Right now, on smallholder farms across Central Malawi, something revolutionary is unfolding and it is thanks to a volunteer – Dr Pieter Haumann – that the program hits the soil running.
Thirty recently trained extension workers, armed with their agronomy degrees and android phones, are dipping into the soil, scooping up samples, locking up their GPSes and shooting their soil analyses straight into the cloud. Meanwhile, in a lab 12 000 kilometres away at New York’s Columbia University, researchers are using that data, through a new soil testing technology called SoilDoc, to map the soil landscape of a country that’s been relying on soil analyses that’s more than 30 years old.
It’s an initiative that could change how Malawi farms. And it’s all part of a partnership with AFAP and Malawi’s Farmers World – which operates 100 stores across the country – along with the support of AFVP, the small volunteer organization with big ambitions.
In addition to the soil mapping, those extension workers will reach an estimated 6 000 smallholder famers over the next three years in a knowledge sharing project.
The extension workers have been deployed to the 30 Farmers World stores located in Central Malawi, with plans for each to reach out to 200 farmers in their area, informing them about better crop practices and the use of fertilizer, offering advice on improved technologies and sharing information about the agricultural space, up to and including the marketplace.
Regadio de Baixo Limpopo (RBL) Extension Officers Get Training Boost The lives of thousands of smallholder farmers currently involved in the Agricultural Technologies Transfer Program of Regadio de Baixo Limpopo (RBL) EP (Low Limpopo Irrigation Scheme), a public company under the Ministry of Agriculture and Food Security (MASA) of Mozambique will never be the same.
AFAP has signed a Memorandum of Understanding (MoU) with MASA which has catalyzed the process that will lead towards the establishment of a fully functional and knowledgeable fertilizer extension system that will provide adequate support on management and proper use of fertilizers for smallholders on the scheme. RBL manages the operation of the irrigation scheme, which covers a total of 70,000 ha, 10,000 ha of which is under cultivation by smallholder farmers growing mostly rice, beans, potatoes and vegetables. About 8,200 families (52% women) live on the scheme.
The training, which took place in Xai-Xai, Gaza Province, Mozambique, brought together a total of 10 government extension staff, mainly agronomists working for RBL, to acquire knowledge and experience in the principles of fertilizer best management practices and practical application of principles, extension methods and practices related to fertilizer use, among other topics.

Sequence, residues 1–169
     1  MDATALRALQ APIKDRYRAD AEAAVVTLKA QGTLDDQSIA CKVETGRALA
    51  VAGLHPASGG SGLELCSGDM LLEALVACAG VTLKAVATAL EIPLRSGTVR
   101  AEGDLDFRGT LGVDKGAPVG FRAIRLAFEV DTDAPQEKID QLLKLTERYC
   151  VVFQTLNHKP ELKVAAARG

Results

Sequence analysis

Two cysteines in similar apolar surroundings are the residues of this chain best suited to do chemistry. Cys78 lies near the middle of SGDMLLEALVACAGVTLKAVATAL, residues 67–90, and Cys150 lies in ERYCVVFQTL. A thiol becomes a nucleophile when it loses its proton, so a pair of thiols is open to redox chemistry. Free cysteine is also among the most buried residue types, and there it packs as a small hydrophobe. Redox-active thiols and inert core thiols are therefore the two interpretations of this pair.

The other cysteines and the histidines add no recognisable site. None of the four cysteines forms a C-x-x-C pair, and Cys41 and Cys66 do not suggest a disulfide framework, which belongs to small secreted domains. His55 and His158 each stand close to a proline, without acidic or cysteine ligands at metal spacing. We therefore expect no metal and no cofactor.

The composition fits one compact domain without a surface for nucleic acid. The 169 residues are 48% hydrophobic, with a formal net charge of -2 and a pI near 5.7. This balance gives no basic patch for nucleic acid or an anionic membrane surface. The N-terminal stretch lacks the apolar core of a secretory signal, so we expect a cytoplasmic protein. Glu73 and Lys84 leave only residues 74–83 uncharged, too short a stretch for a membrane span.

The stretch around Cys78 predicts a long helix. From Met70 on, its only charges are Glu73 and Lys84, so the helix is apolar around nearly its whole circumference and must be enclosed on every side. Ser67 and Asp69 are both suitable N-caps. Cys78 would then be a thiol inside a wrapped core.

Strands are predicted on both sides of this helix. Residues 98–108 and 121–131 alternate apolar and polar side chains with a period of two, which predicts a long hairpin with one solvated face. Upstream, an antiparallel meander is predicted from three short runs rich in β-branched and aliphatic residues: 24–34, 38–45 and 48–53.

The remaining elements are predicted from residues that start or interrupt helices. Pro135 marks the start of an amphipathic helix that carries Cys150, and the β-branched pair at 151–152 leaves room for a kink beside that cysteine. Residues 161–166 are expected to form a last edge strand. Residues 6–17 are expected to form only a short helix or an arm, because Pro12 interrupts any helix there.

The training was conducted by the volunteer Thomas W. Crawford Jr, (PhD), Consultant with the Global Agronomy, LLC of Arizona, USA, under the African Fertilizer Volunteers Program (AFVP), in collaboration with Mr. Sergio Ussaca, AFAP Country Director for Mozambique. With this training, it is envisaged that trained extension workers will replicate trainings to field extension agents who will in turn advise smallholder farmers and thus increase fertilizer use for increased production and productivity.
In April this year, volunteer Dr Thomas Crawford embarked on study of South Africa’s Limpopo Province on behalf of a local SME start up, SCORPIUS Trading with the support of AFAP. The SME is interested in setting up a Hub Agro Dealer but needed additional technical expertise and guidance on their business plans before moving ahead. Dr Crawford offered up his services, traveling throughout the province and interviewing more than 35 people during his trip, from crop and poultry producers and processors to agro dealers and government officials, in order to gather background on the rich agricultural land with great potential – and many challenges. Limpopo province has high potential for agricultural production. This production is however, currently hampered by low use of productivity enhancing inputs including fertilizers, low inherent soil fertility and prevalence of nutrients- depleted soils. Smallholder farmers suffer hunger because they are unable to obtain appropriate fertilizers and most importantly because they are unaware of the correct fertilizers required to achieve higher yields from depleted soils. Fertilizers are the key to alleviating these constraints but need proper management for their economic potential to be realized.
Sandra Pires, Regional Business Development Manager
East and Southern Africa and Project Manager for The African Fertilizer Volunteers Program (AFVP)
African Fertilizer and Agribusiness Partnership (AFAP) Tel: + 27 (0)11 844 7320